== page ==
7. Matters which may be investigated by the Lokayukta and an Upalokayukta.-
(1) Subject to the provisions of this Act, the Lokayukta may investigate any action which is taken by or with the general or specific approval of.-
(i) the Chief Minister;
(ii) a Minister or a Secretary;
(iii) a member of the State Legislature; or
(iv) any other public servant being a public servant of a class notified by the State Government in consultation with the Lokayukta in this behalf;
in any case where a complaint involving a grievance or an allegation is made in respect of such action.
(2) Subject to the provisions of the Act, an Upa-lokayukta may investigate any action which is taken by or with the general or specific approval of, any public servant not being the Chief Minister, Minister, Member of the Legislature, Secretary or other public servant referred to in Sub-section (1), in any case where a complaint involving a grievance or an allegation is made in respect of such action or such action can be or could have been, in the opinion of the Upa-lokayukta, the subject of a grievance or an allegation.
(2-A) Notwithstanding anything contained in Sub-sections (1) and (2), the Lokayukta or an Upa-lokayukta may investigate any action taken by or with the general or specific approval of a public servant, if it is referred to him by the State Government.
(3) Where two or more Upa-lokayuktas are appointed under this Act, the Lokayukta may, by general or special order, assign to each of them matters which may be investigated by them under this Act:
Provided that no investigation made by an Upalokayukta under this Act, and no action taken or things done by him in respect of such investigation shall be open to question on the ground only that such investigation relates to a matter which is not assigned to him by such order.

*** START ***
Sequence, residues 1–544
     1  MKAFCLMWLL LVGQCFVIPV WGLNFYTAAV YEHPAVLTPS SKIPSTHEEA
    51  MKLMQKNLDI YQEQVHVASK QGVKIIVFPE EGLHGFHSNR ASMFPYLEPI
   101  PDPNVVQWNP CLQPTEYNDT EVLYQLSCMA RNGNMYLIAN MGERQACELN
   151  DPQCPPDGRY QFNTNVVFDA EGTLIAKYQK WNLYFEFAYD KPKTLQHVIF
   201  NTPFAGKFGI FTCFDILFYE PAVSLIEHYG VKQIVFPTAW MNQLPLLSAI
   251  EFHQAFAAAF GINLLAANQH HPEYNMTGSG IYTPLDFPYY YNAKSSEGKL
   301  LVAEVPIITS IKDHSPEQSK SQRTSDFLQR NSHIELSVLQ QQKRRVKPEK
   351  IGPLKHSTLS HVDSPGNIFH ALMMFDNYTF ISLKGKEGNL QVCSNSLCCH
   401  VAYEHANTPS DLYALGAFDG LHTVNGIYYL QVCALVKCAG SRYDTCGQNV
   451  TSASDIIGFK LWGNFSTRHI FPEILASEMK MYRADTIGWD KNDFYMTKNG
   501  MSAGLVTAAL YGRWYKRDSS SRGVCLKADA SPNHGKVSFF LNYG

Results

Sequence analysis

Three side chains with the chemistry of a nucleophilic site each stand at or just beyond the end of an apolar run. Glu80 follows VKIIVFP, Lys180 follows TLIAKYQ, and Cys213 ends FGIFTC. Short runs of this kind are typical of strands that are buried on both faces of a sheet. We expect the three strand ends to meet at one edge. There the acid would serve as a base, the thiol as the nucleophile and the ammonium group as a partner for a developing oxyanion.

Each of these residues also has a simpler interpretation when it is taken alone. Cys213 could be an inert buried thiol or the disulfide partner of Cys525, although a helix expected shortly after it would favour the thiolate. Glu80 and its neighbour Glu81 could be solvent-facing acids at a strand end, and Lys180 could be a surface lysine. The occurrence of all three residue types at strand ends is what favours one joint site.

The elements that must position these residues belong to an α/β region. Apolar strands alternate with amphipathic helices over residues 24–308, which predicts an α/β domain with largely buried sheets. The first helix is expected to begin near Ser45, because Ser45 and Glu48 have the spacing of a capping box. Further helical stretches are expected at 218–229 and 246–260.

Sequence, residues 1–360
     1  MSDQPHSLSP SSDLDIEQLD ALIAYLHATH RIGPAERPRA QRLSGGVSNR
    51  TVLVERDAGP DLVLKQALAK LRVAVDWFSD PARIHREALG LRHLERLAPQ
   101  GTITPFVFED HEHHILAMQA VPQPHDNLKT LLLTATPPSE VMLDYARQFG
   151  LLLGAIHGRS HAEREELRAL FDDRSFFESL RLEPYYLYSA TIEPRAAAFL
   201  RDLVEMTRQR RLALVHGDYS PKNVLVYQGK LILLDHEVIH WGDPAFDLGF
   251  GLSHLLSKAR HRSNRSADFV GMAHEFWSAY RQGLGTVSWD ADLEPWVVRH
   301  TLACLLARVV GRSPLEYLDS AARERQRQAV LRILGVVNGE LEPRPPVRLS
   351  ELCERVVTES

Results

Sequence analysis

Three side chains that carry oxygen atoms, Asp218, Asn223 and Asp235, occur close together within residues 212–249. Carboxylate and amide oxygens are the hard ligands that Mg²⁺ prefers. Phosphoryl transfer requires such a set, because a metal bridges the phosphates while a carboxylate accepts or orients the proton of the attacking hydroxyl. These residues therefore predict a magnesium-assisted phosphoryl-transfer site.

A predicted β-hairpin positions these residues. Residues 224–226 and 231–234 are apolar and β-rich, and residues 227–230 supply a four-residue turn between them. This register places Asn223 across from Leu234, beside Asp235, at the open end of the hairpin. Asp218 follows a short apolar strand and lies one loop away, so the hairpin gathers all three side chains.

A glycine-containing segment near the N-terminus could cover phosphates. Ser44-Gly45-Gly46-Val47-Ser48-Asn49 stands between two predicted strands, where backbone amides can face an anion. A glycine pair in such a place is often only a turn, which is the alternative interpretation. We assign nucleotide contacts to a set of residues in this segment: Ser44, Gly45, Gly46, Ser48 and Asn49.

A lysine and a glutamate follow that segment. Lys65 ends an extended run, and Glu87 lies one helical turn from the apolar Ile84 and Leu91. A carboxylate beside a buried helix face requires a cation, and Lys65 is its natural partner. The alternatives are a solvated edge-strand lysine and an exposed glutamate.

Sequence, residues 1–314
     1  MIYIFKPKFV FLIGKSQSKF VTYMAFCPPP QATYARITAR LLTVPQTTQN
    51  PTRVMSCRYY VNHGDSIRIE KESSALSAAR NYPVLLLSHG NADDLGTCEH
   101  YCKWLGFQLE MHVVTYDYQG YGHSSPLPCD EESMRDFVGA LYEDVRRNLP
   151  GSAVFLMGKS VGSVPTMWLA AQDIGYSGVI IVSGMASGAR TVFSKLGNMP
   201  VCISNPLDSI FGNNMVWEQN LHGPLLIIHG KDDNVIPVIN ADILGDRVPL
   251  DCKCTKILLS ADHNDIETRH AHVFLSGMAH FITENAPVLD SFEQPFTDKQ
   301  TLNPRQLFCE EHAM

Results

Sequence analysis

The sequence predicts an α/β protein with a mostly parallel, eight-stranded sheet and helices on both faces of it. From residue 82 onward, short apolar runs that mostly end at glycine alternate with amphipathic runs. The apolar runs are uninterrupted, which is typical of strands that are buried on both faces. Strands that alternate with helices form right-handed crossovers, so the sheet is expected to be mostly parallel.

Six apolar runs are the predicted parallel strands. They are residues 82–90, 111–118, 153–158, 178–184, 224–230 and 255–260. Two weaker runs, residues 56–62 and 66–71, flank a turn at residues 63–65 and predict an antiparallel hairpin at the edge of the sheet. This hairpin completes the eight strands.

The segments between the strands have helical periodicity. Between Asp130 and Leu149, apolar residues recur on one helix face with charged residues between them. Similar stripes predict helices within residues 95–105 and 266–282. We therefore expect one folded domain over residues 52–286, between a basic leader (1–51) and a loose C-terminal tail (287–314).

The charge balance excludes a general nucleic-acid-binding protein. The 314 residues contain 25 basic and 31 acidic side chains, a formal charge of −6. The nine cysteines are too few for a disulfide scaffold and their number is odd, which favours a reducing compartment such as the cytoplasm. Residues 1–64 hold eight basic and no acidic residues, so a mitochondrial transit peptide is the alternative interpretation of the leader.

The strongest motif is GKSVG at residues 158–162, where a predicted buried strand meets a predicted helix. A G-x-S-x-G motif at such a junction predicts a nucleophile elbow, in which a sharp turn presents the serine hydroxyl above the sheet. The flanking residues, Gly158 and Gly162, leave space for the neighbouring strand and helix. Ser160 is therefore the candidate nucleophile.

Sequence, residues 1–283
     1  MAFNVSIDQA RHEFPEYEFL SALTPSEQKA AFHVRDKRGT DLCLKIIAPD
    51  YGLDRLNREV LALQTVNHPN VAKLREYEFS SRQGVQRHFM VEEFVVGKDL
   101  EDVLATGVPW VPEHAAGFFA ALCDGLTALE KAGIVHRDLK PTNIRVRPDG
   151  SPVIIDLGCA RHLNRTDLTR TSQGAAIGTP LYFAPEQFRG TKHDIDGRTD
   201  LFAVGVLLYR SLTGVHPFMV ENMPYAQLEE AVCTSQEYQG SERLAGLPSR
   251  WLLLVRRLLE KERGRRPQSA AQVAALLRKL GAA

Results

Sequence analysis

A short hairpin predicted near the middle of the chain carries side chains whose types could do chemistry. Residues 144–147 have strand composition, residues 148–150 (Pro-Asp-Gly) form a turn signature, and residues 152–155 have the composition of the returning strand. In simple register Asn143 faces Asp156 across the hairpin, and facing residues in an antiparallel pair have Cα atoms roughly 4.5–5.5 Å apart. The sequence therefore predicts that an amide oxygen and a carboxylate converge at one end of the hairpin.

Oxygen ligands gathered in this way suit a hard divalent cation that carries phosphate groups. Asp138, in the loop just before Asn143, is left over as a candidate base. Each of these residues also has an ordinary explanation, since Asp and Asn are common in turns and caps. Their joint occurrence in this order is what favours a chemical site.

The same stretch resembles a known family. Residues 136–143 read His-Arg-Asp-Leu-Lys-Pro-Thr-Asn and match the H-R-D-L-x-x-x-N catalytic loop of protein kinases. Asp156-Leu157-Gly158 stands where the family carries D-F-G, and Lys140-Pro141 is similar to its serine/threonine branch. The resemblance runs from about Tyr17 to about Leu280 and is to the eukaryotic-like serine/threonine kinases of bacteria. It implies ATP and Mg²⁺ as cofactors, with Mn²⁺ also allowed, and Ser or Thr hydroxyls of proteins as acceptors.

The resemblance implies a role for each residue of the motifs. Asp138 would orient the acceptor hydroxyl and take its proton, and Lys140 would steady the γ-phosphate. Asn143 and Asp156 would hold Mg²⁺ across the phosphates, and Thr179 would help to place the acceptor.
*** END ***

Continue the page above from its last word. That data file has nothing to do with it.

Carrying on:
(4) Notwithstanding anything contained in Sub-sections (1) to (3), when an Upa-lokayukta is unable to discharge his functions owing to absence, illness or any other cause, his function may be discharged by the other Upa-lokayukta, if any, and if there is no other Upa-lokayukta by the Lokayukta.
20. Few matters are not subjected to the investigation of Lokayukta or Upa Lokayukta which is provided in Section 8 of the Act, which is also extracted hereunder for easy reference:
Matters not subject to investigation.-(1) Except as hereinafter provided, the Lokayukta or an Upa-lokayukta shall not conduct any investigation under this Act in the case of a complaint involving a grievance in respect of any action,-
(a) if such action relates to any matter specified in the Second Schedule; or
(b) if the complainant has or had, any remedy by way of appeal, revision, review or other proceedings before any Tribunal, Court Officer or other authority and has not availed of the same.
(2) The Lokayukta or an Upa-lokayukta shall not investigate,-
(a) any action in respect of which a formal and public enquiry has been ordered with the prior concurrence of the Lokayukta or an Upalokayukta, as the case may be;
(b) any action in respect of a matter which has been referred for inquiry, under the Commission of Inquiry Act, 1952 with the prior concurrence of the Lokayukta or an Upalokayukta, as the case may be;
(c) any complaint involving a grievance made after the expiry of a period of six months from the date on which the action complained against becomes known to the complainant; or
(d) any complaint involving an allegation made after the expiry of five years from the date on which the action complained against is alleged to have taken place:
Provided that he may entertain a complaint referred to in Clauses (c) and (d) if the complainant satisfies that he had sufficient cause for not making the complaint within the period specified in those clauses.